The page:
Farms: Corn, soybeans
Conservation practices used: No-till, cover crops, terrace, grassed waterways and field and creek borders
Focused on erosion control: I farm a variety of soil types on the steep-to-rolling Loess Hills. My main focus is to slow the movement of rain down the hills, which, if uncontrolled, results in erosion. I have miles of terraces and have no-tilled since the late 1990s. I started using cover crops in 2013 on as many acres as possible to rebuild organic matter lost to erosion.
Results seen: My farming system of no-till and cover crops may be simple, but it’s effective in holding the soil in place. A quick snowmelt or excessive rain can do a lot of damage in a hurry. The practices I have in place control the erosion and improve soil health. I’m also saving on equipment, fuel and labor costs.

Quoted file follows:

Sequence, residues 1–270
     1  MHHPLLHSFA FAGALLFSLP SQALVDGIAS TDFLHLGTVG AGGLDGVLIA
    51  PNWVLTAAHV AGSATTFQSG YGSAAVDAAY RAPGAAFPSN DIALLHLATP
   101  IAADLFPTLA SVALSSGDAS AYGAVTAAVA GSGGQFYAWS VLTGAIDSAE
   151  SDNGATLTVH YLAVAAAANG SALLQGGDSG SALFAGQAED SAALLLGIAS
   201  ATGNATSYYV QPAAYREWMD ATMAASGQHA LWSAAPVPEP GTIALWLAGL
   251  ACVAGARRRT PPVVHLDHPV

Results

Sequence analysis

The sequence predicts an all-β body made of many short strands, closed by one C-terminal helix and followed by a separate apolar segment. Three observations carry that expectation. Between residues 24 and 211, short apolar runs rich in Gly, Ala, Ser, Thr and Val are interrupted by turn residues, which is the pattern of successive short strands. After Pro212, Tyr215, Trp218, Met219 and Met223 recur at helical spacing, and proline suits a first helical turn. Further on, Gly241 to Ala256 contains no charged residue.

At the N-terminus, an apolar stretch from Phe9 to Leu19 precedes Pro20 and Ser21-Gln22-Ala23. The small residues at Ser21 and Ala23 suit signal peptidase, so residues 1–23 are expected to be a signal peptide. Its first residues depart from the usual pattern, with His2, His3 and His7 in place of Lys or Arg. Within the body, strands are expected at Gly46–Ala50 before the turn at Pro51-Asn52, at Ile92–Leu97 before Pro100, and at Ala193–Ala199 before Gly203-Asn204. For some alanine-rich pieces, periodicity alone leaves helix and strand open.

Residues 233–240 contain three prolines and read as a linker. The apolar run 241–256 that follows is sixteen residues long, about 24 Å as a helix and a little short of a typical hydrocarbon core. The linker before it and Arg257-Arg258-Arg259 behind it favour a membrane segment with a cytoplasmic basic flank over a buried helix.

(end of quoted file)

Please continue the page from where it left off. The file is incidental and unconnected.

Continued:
“Being in this part of the state gives you more incentive to add conservation practices to save the soil. It bothers me how much tillage is still happening on the sloping Iowa landscape.”
Cumulative effects: During the wet spring of 2019 I realized these practices had a cumulative effect. No-till soils have better structure, improved infiltration and more water-holding capacity. Cover crops help pull moisture deeper into the soil. The soil supported the equipment and I got the crop planted in a timely manner.
Engaged in agriculture: I stay active advocating for a strong corn economy. This includes improving soil health and water quality through the use of conservation practices. One of the greatest benefits of being an Iowa Corn member is interacting with others and learning what works on their farm and bringing new information to improve my farm.